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The Operating System: An Anarchist Theory of…
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The Operating System: An Anarchist Theory of the Modern State (edició 2021)

de Eric Laursen (Autor)

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"By what cunning perversion of logic and history has the modern capitalist State persuaded us that it is the only possible form of polity? Why do we passively accept its claim to inevitability and its lame excuses for the increasingly invasive surveillance of our private lives? How do the already powerful hide short-cuts to even greater influence and wealth across a ruined environment and vast stretches of poverty? In thoughtful, provocative, and engaging reflections on the modern State, Eric Laursen seeks deliberate withdrawal from the self-fulfilling mechanism he so appropriately calls 'the operating system.'" --Michael Herzfeld, Harvard University "We hear from many quarters that social justice requires a strong and competent State to redress wrongs and advance the interests of oppressed minorities. We also hear it said that the State is dead or nearly so, that it is being drowned in the bathtub of neoliberal capitalism. Eric Laursen presents a sobering argument that the modern State has not said its last word, nor have we heard the final word about the oppressive character of the State and the urgent necessity of its abolition.The Operating System is a much-needed patch to the software of anti-authoritarian critique, particularly in its attention to the way that the State and identity-based forms of oppression work together." --Jesse Cohn, author ofUnderground Passages "Eric weaves together a rich history of the State, reminding us it is not inevitable and that it is not reformable. Learning to live together without the State is our best chance for the survival of humanity and the planet herself." --Lisa Fithian, author ofShut It Down "Anarchists have foughtthe State since its inception, but along the paths of liberation in the twenty-first century it's been missing from the conversation. Laursen's engaging exploration revisits ideas of the State, its apparatus of controls, and why we should openly oppose it." --scott crow, author ofBlack Flags and Windmills One of the most unique aspects of anarchism as a political philosophy is that it seeks to abolish the state. But what exactly is "the state"? The State is like a vast operating system for ordering and controlling relations among human society, the economy, and the natural world, analogous to a digital operating system like Windows or MacOS. Like a state, an operating system "governs" the programs and applications under it and networked with it, as well as, to some extent, the individuals who avail themselves of these tools and resources. No matter how different states seem on the surface they share core similarities, namely: The State is a relatively new thing in world history The State is European in origin and outlook States are "individuals" in the eyes of the law The State claims the right to determine who is a person The State is an instrument of violence and war The State is above the law The State is first and foremost an economic endeavor Anyone concerned with entrenched power, income inequality, lack of digital privacy, climate change, the amateurish response to COVID-19, or military-style policing will find eye-opening insights into how states operate and build more power for themselves--at our expense. The state won't solve our most pressing problems, so why do we obey? It's time to think outside the state.… (més)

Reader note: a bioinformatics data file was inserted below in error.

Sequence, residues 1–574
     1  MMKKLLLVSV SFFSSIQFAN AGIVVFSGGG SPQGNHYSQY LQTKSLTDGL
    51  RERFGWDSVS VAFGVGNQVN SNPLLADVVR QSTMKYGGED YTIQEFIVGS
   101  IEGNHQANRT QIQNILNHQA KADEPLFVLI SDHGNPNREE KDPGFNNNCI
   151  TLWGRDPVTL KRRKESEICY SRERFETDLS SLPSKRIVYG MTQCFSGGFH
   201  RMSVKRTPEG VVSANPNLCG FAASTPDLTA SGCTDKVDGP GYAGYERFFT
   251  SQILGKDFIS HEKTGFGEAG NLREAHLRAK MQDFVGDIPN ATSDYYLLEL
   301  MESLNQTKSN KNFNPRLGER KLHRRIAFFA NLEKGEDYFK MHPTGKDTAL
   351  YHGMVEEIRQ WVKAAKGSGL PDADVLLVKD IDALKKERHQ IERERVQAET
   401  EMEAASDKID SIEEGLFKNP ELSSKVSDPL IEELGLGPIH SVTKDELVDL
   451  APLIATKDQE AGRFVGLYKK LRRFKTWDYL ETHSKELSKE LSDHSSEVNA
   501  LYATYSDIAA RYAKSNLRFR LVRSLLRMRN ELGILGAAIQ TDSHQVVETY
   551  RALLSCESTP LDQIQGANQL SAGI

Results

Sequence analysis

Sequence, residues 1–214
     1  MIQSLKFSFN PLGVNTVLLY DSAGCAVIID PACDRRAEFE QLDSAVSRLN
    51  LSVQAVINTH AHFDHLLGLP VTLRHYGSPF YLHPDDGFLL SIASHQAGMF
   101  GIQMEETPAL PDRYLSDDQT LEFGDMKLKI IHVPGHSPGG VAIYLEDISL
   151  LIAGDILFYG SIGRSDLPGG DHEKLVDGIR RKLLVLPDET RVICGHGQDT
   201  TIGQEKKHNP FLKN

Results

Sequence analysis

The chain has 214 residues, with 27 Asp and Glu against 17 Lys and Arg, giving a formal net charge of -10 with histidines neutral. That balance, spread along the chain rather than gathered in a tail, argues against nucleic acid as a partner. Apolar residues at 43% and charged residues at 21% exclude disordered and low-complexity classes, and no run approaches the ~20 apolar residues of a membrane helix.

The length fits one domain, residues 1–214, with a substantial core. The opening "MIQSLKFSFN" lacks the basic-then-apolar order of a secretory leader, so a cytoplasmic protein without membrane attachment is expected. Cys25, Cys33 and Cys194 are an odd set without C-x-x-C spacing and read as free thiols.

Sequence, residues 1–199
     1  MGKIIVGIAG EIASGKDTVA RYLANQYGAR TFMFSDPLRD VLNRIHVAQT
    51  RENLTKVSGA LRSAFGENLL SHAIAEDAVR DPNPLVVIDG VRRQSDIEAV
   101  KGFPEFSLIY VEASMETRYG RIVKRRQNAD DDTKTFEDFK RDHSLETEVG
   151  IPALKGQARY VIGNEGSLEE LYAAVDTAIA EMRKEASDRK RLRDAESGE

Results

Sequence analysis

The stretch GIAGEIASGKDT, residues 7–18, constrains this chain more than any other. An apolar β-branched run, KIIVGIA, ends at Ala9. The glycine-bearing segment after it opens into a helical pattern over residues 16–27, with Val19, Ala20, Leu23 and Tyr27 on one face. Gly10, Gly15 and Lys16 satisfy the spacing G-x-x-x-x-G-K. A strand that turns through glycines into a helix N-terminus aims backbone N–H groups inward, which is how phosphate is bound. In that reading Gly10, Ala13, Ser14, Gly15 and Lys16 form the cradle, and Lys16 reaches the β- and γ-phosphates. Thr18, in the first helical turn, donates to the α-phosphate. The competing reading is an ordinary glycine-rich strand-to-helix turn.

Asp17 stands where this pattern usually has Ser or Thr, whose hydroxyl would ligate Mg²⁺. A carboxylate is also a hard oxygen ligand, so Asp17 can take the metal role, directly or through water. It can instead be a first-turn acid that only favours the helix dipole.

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Títol:The Operating System: An Anarchist Theory of the Modern State
Autors:Eric Laursen (Autor)
Informació:AK Press (2021), 258 pages
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The Operating System: An Anarchist Theory of the Modern State de Eric Laursen

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The State must go. But how? It’s rather entrenched. Eric Laursen tries to answer this question by focusing on the why instead of the how. In The Operating System, he tries to compare the State to a Microsoft Windows or an Apple iOS framework. Unfortunately, this does not help much, and the vast bulk of the book has nothing whatever to do with OSs, because no decisions can be made from their similarities that would affect the State. Nothing about an OS foretells what might befall a State.

Nonetheless, The Operating System, as an exhaustive argument for the value of anarchy, is a powerfully written and always challenging read. It is well organized, thoroughly annotated, peppered with pop cultural references and even the some mild shots of humor.

Getting rid of the State means anarchy, ie. no structure. It’s what defunding the police, eliminating the military and ditching the two party system would look like. “Anarchism is the only theoretical approach that fully recognizes the connection between capitalism and the State and completely denies the assertion that there is no alternative to either,” he says. So readers should be looking for the details of that alternative.